It’s only a few months to the presidential election, and the economy is still a mess, yet the candidates have been arguing over the secret of success in business.
This is an old and tired debate, and neither side is saying anything novel. Romney is reciting the chamber of commerce fairy tale that business achievement is the result purely of hard work and risk-taking on the part of lone entrepreneurs. Obama mostly accepts that narrative but meekly points out that business owners also depend on government-provided infrastructure and thus should pay a slightly larger share of the taxes needed to fund those roads, bridges and the like.
Both men talk as if we were still in an early 19th Century economy of small enterprises that live or die based on individual effort and minimal government activity—rather than the century-old reality that megacorporations are what dominate American commerce.
When the candidates do acknowledge the existence of big business, it is mainly to offer competing proposals on how to serve its needs. For the Republicans, this means further weakening of regulation and the dismantling of the corporate income tax. While the Democrats make some noise about controlling business excesses, nothing much comes of this, and their main goal seems to be that of bribing large corporations with incentives so they don’t abandon the U.S. economy entirely.
What both sides forget is that corporations exist at the behest of government—in nearly all cases state governments, which authorize their creation. The original ones were established to enlist private participation in government initiatives such as building canals. Before the Civil War, corporations were allowed to engage only in designated activities and could not grow beyond a certain size. It was to get around these limitations that robber barons such as Rockefeller created the trusts that came to control so much of American industry, prompting the passage of the Sherman Act and other antitrust efforts.
Whatever progress started to be made in thwarting the hyper-concentration of business was undermined when New Jersey and then Delaware rewrote their corporation laws to allow companies to do pretty much whatever they pleased and to become as big as they wished in the process. Eventually, other states followed suit. The corporate form, once a privilege granted for special purposes, became an entitlement for any pool of money seeking to make a profit behind the shield of limited liability.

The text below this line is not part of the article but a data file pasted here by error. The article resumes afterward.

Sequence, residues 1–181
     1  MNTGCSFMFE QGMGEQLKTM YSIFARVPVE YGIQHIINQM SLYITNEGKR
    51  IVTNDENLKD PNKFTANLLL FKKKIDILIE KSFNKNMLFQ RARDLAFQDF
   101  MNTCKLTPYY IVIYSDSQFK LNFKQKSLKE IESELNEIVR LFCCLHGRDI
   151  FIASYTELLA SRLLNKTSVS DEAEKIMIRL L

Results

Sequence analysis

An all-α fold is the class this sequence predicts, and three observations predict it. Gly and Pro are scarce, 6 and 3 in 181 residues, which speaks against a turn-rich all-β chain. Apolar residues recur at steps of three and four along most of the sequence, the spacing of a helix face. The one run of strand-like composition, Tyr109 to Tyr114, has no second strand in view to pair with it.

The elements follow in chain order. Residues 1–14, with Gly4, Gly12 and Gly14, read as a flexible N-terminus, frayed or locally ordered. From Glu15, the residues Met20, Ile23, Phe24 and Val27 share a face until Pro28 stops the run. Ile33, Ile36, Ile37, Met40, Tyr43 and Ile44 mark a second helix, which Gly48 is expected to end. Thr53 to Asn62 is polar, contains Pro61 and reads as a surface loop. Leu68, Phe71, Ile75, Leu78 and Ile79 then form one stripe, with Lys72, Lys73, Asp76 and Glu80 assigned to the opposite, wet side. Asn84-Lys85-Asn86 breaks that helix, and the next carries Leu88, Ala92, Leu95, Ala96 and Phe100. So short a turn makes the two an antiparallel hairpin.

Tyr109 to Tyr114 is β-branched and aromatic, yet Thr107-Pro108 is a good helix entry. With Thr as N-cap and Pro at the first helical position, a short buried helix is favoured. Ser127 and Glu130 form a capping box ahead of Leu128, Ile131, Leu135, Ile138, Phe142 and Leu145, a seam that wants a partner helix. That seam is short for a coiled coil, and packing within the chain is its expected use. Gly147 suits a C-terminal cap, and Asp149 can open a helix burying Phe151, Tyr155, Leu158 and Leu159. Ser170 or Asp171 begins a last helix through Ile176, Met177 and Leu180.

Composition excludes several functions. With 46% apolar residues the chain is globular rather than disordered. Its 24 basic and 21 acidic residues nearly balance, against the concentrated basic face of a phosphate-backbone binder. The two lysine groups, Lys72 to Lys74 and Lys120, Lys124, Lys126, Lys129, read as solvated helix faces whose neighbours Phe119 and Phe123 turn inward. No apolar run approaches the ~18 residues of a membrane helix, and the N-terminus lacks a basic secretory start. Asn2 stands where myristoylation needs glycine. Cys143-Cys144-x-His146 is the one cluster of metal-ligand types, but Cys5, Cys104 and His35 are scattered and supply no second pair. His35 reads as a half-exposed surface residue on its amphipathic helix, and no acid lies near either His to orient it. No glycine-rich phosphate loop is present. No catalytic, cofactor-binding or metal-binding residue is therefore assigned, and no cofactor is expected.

What presidential candidates should be debating is whether the time has come to tighten state corporation laws or replace them entirely with a federal system of chartering, as Ralph Nader and his colleagues argued in the 1970s.
Nader’s effort was prompted by a wave of revelations about corporate misconduct that came out of the Watergate investigations. Today we have our own corporate crime wave: recent cases of foreign bribery (Wal-Mart), illegal marketing of prescription drugs (GlaxoSmithKline and others), manipulation of interest rates (Barclays) and pipeline negligence (Enbridge Energy) come on the heels of the Wall Street mortgage securities fiasco, the BP spill in the Gulf of Mexico, and the Massey Energy coal mining disaster.
If we have to talk about success in business, the question we should be considering is whether any large company succeeds without engaging in illegal, or at least unethical and exploitative, behavior. In spite of all the talk about corporate social responsibility, it is difficult to find a major firm that does not cross the line in one way or another.
Take the most successful company of recent years: Apple. Thanks to a series of investigative reports, we now know that Apple’s business achievements are based on a foundation of underpaid workers, both in its foreign factories and its domestic retail stores. On top of that, the company engages in flagrant tax avoidance, and despite its gargantuan profits, it forces state governments to hand over big subsidies when it builds data centers.
Sure, Apple made use of the type of public infrastructure President Obama likes to talk about. Yet the biggest benefit it and other large companies receive from government is the unwillingness to engage in serious regulation and to prosecute corporate crime to the fullest, which would mean an end to the current practice of deferred prosecutions and other forms of wrist-slapping.
Forget about roads and bridges: the real secret of business success is government tolerance of corporate misconduct.